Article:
Turn right along this lane for a few metres, and then immediately left to join another concrete path. This follows a hedge on the right before curving to the left and right across grass to reach a footbridge beside a farm bridge over a ditch. Cross the bridge, go through a bridleway gate and continue along the good path on the other side, with the river to the left, going through any gates and crossing any bridges on the way. Two-thirds of a mile after the mill, the concrete path passes rises up and heads through a narrow tunnel under an iron aqueduct that carries the Grand Union Canal overhead. On the other side, simply descend steps back down to the valley floor and continue along the obvious path beside the river. 1.25 miles further on, the track crosses a large arched footbridge over a stream and meets a T-junction with another track at SP81474215.
On the other side of the bridge, turn left to follow another concrete path as it heads eastwards, soon passing under a large viaduct that carries the West Coast railway line overhead. Follow the path, with the river to the left and a car park away to the right; it soon passes under a low bridge carrying Haversham Road, and then curves to the right, still following the river. 0.8 miles after the railway bridge the path crosses a footbridge; as the river and path curve to the left, head straight on along a path past some bushes to reach another path junction. Turn right to follow a path that passes some allotments on the right. As the allotments end and the path curves away to the right, head straight on along another path to reach an access road leading to a car park. Turn left down this road to reach Newport Road in Wolverton at SP82344150. Carefully cross the road and walk west along the pavement on the other side towards Stonebridge roundabout.
Wolverton station is on the other side of the roundabout. However, I continued the walk down to Milton Keynes Central station. Just after a crossing on the road, and before the roundabout, turn left down a surfaced path. Ignore a path that comes in from the right through an underpass, and instead turn left down another path that parallels a road to the right; the path soon curves sharply to the left to cross a bridge over a stream. Immediately after the bridge, take the first path off to the right that runs past some trees on the right to enter New Bradwell Local Park. Do not be tempted onto any paths leading into the housing estate, and continue on as the path roughly parallels the road to the right. By a children's playground, take another path off to the right. Soon afterwards the path skirts the road and approaches a viaduct carrying the Grand Union Canal overhead. Just before the viaduct, turn left along a path that slopes uphill to meet the canal's towpath at SP82924111. Here the Ouse Valley Way is left.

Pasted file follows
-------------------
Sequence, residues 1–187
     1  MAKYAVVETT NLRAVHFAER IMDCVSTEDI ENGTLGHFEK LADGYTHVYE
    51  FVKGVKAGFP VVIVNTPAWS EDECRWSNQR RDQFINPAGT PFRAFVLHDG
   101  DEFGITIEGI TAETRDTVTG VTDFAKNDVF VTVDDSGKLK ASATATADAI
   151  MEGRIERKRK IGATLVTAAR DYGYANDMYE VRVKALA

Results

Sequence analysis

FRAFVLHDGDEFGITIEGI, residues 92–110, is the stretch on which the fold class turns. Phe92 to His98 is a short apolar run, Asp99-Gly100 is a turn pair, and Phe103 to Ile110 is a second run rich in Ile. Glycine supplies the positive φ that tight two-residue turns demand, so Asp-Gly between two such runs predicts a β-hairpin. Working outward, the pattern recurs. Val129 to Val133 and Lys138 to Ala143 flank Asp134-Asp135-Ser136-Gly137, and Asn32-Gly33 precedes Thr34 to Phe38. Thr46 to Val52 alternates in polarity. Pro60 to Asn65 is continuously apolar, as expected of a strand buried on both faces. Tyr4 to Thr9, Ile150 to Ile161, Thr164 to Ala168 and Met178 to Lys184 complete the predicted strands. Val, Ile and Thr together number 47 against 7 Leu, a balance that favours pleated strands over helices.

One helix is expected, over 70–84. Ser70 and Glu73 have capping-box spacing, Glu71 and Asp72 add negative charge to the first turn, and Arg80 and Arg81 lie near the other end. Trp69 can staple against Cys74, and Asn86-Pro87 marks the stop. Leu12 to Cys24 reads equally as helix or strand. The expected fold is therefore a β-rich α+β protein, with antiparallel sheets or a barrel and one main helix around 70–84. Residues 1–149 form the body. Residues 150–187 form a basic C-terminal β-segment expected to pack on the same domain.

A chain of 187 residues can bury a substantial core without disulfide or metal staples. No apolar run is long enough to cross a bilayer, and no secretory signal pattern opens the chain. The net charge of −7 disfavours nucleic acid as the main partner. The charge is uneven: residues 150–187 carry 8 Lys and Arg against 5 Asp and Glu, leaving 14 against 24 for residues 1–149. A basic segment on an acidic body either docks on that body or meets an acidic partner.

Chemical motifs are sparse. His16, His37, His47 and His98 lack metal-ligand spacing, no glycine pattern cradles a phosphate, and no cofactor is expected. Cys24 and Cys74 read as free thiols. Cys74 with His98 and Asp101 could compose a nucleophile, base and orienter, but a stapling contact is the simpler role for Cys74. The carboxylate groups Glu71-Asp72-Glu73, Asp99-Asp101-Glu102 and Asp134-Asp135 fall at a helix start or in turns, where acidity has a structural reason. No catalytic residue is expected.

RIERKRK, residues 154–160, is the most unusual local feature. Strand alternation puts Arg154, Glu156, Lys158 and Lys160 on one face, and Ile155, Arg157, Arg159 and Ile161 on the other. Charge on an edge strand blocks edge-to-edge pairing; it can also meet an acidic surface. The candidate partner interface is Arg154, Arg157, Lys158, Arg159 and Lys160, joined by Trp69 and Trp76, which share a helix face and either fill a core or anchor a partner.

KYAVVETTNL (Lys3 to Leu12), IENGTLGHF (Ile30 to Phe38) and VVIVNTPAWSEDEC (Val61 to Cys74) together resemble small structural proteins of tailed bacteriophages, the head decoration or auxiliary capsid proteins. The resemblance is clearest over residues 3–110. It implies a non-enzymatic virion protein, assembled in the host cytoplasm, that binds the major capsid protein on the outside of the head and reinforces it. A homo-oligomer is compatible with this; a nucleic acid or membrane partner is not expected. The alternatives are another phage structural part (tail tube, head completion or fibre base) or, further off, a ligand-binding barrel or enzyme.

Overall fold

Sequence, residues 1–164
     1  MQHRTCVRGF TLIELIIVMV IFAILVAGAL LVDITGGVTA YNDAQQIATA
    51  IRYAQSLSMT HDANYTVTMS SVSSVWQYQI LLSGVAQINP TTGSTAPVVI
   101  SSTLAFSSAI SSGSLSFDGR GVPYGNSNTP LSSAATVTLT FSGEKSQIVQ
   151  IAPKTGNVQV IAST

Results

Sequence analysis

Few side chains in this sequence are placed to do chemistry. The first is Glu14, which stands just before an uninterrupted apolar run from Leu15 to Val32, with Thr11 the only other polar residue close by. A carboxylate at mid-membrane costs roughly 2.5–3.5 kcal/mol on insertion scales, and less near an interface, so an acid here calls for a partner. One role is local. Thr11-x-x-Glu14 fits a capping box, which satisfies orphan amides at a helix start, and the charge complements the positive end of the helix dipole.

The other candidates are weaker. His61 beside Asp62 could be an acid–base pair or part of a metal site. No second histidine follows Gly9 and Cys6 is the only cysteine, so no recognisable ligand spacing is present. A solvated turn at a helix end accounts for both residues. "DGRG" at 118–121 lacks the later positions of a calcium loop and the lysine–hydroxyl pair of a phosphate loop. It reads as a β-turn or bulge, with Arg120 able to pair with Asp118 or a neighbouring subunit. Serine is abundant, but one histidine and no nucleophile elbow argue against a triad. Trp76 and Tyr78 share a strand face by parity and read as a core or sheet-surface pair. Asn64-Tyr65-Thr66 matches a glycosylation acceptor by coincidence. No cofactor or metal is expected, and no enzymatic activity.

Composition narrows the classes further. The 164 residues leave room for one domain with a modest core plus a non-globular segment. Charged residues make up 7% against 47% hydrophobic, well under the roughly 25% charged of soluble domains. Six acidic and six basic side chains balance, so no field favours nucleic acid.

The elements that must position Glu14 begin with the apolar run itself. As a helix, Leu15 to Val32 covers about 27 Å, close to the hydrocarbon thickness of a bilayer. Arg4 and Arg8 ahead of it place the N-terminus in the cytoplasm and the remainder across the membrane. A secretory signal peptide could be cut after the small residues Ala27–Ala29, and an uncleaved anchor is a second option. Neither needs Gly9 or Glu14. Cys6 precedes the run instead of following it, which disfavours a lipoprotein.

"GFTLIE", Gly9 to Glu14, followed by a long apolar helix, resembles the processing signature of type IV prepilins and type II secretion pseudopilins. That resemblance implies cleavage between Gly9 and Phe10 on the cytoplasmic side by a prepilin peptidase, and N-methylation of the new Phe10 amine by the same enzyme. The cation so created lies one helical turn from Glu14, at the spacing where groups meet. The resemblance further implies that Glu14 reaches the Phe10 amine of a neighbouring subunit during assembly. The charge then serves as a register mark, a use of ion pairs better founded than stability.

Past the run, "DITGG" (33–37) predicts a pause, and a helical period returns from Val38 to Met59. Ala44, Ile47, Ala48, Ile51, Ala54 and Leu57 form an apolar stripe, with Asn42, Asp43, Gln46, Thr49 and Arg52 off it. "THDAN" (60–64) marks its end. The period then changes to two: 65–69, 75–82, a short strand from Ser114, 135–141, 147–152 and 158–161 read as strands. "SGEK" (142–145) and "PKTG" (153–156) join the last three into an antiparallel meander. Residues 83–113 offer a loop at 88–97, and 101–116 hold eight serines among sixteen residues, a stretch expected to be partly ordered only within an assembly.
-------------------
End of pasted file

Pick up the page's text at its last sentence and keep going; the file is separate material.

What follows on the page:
Instead of joining the canal, climb up a grassy slope to the left to reach a footbridge spanning the canal. Cross this, and on the other side cross a little play area on the right to reach a footbridge that spans a dual carriageway called V6 Grafton Street. From here I took a different route; but the following works just as well: do not cross the bridge over the dual carriageway, and instead head down a sloping path that leads to the eastern side of the dual carriageway. Follow the dual carriageway southwards for two miles; there are underpasses under the three major roundabouts that are encountered. When Midsummer Boulevard is reached at SP84423819, turn right to follow the boulevard a short distance to Milton Keynes Central rail and bus stations. Although these miles are along roads, the paths are good, with most junctions having underpasses that allow you to safely negotiate them. This walk ends at Milton Keynes Central rail station at SP84193806.
This makes a total distance of 17.1 miles, with 505 feet of ascent and 487 feet of descent.
Stagecoach X5 services run every half-hour between Milton Keynes and Buckingham, on the Cambridge to Oxford route.
If you end the walk at Wolverton, then regular train services run from Wolverton station to Milton Keynes Central, where the X5 can be caught on to wards Buckingham.
Please note that I take no responsibility for anything that may happen when following these directions. If you intend to follow this route, then please use the relevant maps and check the route out before you go out. As always when walking, use common sense and you should be fine.
If you find any information on any of these routes that is inaccurate, or you wish to add anything, then please email me.
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And finally, enjoy your walking!